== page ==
What does a Friends school have to offer?

A Basic Tenet of Quakerism...

A basic tenet of Quakerism is that truth is continuously revealed and is accessible within a community of seekers. At Friends schools, this belief is reflected in an open-minded approach to curriculum and teaching and a developmental approach to children and learning. Students learn to practice truth-seeking and know the various ways this can be accomplished - through inquiry, scientific investigation, reflection, creative expression, critical thinking, dialogue, worship, and service.

Friends schools create an environment within which students and staff alike can continue to mature as companions in a wide range of experiences. These experiences, both outward and inward in nature, may bring forth in each person a deepening awareness of the “Inner Light,” which leads to faith in the ability of every member of the school community to reach his or her full potential. Children grow and change in an environment that nurtures their spirits and challenges them to develop inner resources for discipline, respect, compassion, and achievement. They are encouraged by word and example to respect a variety of perspectives in a diverse learning community, as they engage in a cooperative search for knowledge, insight and understanding.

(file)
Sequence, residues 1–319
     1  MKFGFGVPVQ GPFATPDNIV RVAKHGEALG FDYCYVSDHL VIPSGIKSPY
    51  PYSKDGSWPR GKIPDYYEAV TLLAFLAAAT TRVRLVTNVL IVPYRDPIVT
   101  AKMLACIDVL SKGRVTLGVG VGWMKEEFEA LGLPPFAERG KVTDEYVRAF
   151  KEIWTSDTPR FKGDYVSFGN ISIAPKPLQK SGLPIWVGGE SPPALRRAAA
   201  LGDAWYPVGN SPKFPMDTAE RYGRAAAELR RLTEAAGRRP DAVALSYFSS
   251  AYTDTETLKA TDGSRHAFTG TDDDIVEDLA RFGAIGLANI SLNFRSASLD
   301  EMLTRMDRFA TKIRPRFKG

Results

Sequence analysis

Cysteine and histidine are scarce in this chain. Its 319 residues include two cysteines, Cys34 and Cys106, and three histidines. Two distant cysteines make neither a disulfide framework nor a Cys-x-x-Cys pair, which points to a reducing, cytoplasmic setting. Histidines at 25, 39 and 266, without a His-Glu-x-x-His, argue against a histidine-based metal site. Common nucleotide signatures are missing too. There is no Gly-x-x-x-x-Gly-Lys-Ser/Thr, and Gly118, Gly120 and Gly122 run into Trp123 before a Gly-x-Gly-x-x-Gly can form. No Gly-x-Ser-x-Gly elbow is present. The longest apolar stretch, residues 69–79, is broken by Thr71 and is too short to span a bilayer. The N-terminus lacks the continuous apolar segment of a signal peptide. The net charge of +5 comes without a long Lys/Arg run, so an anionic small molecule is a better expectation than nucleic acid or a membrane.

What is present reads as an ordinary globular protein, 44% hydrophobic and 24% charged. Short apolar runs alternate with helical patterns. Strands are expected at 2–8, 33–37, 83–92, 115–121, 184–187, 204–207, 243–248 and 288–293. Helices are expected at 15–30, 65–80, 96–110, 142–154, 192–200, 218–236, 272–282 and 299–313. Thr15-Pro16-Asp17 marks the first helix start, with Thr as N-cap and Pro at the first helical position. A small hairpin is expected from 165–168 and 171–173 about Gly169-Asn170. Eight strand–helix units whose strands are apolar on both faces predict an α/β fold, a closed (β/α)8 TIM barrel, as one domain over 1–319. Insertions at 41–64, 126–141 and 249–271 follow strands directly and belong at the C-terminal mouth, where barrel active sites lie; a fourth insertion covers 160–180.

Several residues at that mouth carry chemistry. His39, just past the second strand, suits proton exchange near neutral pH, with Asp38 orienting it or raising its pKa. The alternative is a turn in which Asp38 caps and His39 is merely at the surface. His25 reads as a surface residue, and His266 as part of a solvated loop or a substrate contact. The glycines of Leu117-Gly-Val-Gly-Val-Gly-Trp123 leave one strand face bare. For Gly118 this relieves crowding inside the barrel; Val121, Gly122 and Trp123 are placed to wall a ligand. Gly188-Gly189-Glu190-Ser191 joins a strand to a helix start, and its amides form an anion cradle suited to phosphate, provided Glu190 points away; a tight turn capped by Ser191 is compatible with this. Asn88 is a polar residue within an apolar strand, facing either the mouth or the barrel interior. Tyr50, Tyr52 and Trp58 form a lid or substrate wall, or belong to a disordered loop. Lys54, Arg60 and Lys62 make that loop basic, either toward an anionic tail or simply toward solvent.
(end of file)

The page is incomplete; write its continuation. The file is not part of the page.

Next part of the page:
Quakers Believe

Quakers believe in strong encouragement of the individual. Each person has the capacity to be good, the ability to see the Light of God, and the ability to put that truth to good use. Thus, Quakers provide an exceptional and unique learning environment. Students who graduate from a Quaker school walk away with a strong sense of social understanding, skills to deal with adversity, tolerance and respect for others, and a strong sense of self-worth so that they have the power needed to succeed.

-Graduate of a Friends school, 1994

Aims of Quaker Education

Aims of Quaker Education

Quaker education represents a unique combination of academic excellence and spiritual depth. A Friends school hopes to offer a community that cares deeply about what kind of persons its members, young and old, are becoming, what goals and motives are effective in their lives, and what their response is to the high calling of being human. They hope to be communities of those who have not only techniques and knowledge, but also a vivid relationship to reality, a hunger for worship, a passion for truth, and the experience of growth in the Light.

Quaker education does not seek to inculcate a particular set of beliefs or doctrines; it seeks to nurture a particular sort of personhood, someone who:

  • knows deep down that sight, taste, touch, smell, and hearing are not all there are to life;
  • has first-hand experience of the reality and importance of the Spirit in life, especially in this age of rampant materialism;
  • is rooted as much in the unseen as the seen, as much in the spiritual as in the physical;
  • has a capacity for reverence and is as well equipped to experience the Spirit as to do work in the world; • is optimistic about the ability of love and good will to mend the affairs of humanity.

(From Samuel Caldwell’s “Toward a Clearer View of Quaker Education”)

Meeting for Worship

Meeting for Worship